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Old 12-04-2007, 08:08 PM
Gibson Gibson is offline
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Default ideas on a small food plot.

i've not got a big feild to plant a big food plot, but i've got 5 or 6 small fields. what should i plant on them and what time of the year should i start? and what all do i need to do to the field before i plant a food plot?



thanks for any advice..
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Old 09-16-2008, 02:34 PM
rickw8844 rickw8844 is offline
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depending what part of the country you are in will matter on what you plant and when. In the south we are planting in 2 weeks. we are planting winter peas,bob oats,wheat,turnip greens,mustard greens,red top clover.
the deer love all of it and we love the greens
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Old 09-16-2008, 06:28 PM
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delbert delbert is offline
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hay gibson were do you live ? we planted are winter plots in arkansas a few weeks ago,,,,,but its not to late..oats are easy,they just need a little dirt over them,,,winter peas are good,,,,,what do you have to work the ground with?
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Old 09-16-2008, 10:27 PM
ronn
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preparation i found is the key. soil test, lime, fertilizer worked in before you plant. otherwise you won't get the most out of it, being that they are small you want to get the most/best growth you can.
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Old 09-17-2008, 08:15 AM
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Southern Man Southern Man is offline
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Yea what Ron said. Lime takes up to a year to get the full potential out of it. There is a product called Gain that does the same thing except right from the start. It's not a substitute for lime but will cover you on the PH til the lime kicks in....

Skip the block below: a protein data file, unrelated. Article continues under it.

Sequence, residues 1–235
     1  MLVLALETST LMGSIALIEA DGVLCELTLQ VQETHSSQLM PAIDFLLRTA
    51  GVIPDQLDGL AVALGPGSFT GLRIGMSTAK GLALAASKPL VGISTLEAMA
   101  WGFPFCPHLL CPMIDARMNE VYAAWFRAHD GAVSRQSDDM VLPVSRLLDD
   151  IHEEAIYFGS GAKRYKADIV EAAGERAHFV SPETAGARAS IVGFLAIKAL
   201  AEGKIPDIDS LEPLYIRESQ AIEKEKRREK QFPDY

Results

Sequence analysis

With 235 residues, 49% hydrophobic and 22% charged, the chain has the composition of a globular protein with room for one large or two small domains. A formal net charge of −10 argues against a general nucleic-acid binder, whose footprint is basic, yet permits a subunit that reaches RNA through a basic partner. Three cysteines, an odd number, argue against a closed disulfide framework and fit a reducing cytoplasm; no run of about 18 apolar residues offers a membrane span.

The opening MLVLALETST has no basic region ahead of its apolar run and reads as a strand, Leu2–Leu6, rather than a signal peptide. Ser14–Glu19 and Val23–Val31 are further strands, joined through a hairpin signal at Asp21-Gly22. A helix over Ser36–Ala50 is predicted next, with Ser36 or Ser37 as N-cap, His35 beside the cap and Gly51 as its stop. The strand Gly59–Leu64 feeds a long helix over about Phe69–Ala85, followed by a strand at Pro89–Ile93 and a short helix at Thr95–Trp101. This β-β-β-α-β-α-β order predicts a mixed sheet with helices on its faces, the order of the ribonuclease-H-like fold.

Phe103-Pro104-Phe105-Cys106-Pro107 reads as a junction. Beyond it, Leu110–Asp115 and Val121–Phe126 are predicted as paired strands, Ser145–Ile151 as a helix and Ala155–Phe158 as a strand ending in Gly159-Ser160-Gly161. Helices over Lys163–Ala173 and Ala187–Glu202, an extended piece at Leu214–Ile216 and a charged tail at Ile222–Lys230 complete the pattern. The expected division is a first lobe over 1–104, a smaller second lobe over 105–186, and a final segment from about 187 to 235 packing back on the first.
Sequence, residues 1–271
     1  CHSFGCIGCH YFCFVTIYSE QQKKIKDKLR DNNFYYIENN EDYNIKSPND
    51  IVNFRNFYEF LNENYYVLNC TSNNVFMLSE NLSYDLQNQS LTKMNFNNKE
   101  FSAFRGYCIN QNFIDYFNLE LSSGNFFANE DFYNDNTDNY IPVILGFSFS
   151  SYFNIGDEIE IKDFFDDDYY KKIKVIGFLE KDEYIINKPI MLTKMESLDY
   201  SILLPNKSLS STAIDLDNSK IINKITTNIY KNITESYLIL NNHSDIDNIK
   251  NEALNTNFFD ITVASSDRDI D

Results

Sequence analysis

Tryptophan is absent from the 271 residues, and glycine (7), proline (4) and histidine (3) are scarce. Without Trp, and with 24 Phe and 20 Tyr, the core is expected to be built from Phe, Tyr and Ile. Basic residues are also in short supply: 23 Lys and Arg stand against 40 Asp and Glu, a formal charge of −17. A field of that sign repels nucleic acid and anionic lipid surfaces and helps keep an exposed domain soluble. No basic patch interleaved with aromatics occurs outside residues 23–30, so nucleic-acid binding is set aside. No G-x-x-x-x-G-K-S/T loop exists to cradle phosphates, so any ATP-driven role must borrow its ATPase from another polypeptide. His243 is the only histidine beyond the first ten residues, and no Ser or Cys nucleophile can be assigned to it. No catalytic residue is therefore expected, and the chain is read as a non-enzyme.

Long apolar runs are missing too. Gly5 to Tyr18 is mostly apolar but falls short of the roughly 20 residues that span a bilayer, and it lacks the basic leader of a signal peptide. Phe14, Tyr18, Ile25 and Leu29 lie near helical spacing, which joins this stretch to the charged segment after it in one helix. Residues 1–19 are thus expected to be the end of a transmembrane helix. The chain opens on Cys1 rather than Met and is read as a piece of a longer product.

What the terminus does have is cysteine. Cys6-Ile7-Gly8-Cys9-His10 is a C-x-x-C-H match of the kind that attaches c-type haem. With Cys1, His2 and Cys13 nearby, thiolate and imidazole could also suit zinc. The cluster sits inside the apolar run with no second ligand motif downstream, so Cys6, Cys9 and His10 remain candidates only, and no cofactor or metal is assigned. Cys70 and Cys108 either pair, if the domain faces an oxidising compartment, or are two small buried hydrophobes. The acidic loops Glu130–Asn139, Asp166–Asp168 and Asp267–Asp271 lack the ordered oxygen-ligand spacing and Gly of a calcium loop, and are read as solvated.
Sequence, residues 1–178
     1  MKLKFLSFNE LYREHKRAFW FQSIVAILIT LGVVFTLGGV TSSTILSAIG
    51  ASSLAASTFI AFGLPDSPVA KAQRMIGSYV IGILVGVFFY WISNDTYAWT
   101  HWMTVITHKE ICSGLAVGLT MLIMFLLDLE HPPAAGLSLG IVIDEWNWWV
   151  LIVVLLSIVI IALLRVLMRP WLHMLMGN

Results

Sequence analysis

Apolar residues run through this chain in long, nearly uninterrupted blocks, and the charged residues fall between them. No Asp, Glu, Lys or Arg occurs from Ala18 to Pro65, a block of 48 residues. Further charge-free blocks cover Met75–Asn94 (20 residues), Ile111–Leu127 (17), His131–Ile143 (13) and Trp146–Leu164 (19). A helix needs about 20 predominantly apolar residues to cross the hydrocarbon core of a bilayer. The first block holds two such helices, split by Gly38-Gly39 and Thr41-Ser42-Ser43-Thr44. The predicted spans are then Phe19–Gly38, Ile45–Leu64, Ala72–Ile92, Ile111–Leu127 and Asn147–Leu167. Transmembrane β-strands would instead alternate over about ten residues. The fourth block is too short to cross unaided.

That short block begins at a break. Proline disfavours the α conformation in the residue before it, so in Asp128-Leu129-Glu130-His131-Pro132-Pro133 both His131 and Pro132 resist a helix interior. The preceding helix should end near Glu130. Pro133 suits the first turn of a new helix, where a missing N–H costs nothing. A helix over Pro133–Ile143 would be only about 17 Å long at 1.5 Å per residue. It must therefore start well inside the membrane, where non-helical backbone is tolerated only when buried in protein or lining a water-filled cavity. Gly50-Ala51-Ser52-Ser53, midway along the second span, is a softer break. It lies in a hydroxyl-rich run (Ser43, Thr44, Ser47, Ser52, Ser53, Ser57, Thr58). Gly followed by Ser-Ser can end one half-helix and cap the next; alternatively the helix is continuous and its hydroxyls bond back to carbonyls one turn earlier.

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Old 09-17-2008, 06:25 PM
Hunting Man Hunting Man is offline
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All good advice. You may want to use powdered lime mixed with water and spray it on small food plotts. You will get faster results. Kill the weeds and weed seeds first then plant 3 weeks later for best results. This is a lesson that I have just learned. Don't be afraid to mix different seeds that will produce mature plants at different times. You are limited for fall planting in some areas right now for certain plants.Check the seed recomendation for correct planting times.
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Old 09-18-2008, 06:39 AM
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delbert delbert is offline
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one thing about farm land ,that has been farmed is it most likely had been limed when it was farmed...it takes a long time to go away...if your in a new cleared spot in the woods ,lime is needed....the small fields that are left because the farm equipment got to big to turn around,,,may already have a neutral PH....a soil test will let you know....
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Old 09-18-2008, 06:37 PM
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KTL KTL is offline
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How big of a field is it. I used a rototiller (8 horse) garden rakes and shovels. It was back braking but my food plots were only about a 1/4 acre. I planted a combination of crimson and white clover and forage soybeans here in Michigan about a month ago, finally got good rain and it really took off.
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Old 10-29-2008, 08:27 PM
Hunter1409 Hunter1409 is offline
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I found for the area I hunt that soybeans work well especially after the farmers harvest all the surrounding fields. Also, tried putting some rows of turnips in with the beans. Found out the critters liked those too well. Planted the first round at the beginning of August. Plants came up and got eaten back down to the ground in only a few weeks. Reseeded in mid to late September and plants came back up but only to the same fate before bow season started. Think I found something the deer in our area really like. Now if I can only keep them out of it long enough for season during the late summer. Hopefully, next season's planting gets better.
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Old 11-03-2008, 06:17 PM
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the deer do like to eat things in a row.
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